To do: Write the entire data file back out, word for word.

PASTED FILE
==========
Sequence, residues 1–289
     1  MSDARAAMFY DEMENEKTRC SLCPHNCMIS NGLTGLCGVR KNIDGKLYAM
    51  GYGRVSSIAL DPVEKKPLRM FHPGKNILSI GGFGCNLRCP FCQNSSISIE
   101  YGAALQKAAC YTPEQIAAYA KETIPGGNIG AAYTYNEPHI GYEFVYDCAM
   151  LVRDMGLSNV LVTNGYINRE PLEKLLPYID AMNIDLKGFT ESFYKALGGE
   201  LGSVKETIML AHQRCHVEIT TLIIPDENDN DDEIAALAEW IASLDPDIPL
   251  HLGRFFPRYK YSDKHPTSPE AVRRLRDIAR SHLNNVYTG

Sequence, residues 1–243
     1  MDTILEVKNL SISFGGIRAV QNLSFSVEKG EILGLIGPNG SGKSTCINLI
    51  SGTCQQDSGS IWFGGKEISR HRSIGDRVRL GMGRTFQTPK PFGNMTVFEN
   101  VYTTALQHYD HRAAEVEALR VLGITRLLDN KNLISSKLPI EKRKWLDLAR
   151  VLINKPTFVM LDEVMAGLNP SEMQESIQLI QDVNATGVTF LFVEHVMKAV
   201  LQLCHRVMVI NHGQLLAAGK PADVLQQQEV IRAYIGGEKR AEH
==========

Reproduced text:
Sequence, residues 1–289
     1  MSDARAAMFY DEMENEKTRC SLCPHNCMIS NGLTGLCGVR KNIDGKLYAM
    51  GYGRVSSIAL DPVEKKPLRM FHPGKNILSI GGFGCNLRCP FCQNSSISIE
   101  YGAALQKAAC YTPEQIAAYA KETIPGGNIG AAYTYNEPHI GYEFVYDCAM
   151  LVRDMGLSNV LVTNGYINRE PLEKLLPYID AMNIDLKGFT ESFYKALGGE
   201  LGSVKETIML AHQRCHVEIT TLIIPDENDN DDEIAALAEW IASLDPDIPL
   251  HLGRFFPRYK YSDKHPTSPE AVRRLRDIAR SHLNNVYTG

Sequence, residues 1–243
     1  MDTILEVKNL SISFGGIRAV QNLSFSVEKG EILGLIGPNG SGKSTCINLI
    51  SGTCQQDSGS IWFGGKEISR HRSIGDRVRL GMGRTFQTPK PFGNMTVFEN
   101  VYTTALQHYD HRAAEVEALR VLGITRLLDN KNLISSKLPI EKRKWLDLAR
   151  VLINKPTFVM LDEVMAGLNP SEMQESIQLI QDVNATGVTF LFVEHVMKAV
   201  LQLCHRVMVI NHGQLLAAGK PADVLQQQEV IRAYIGGEKR AEH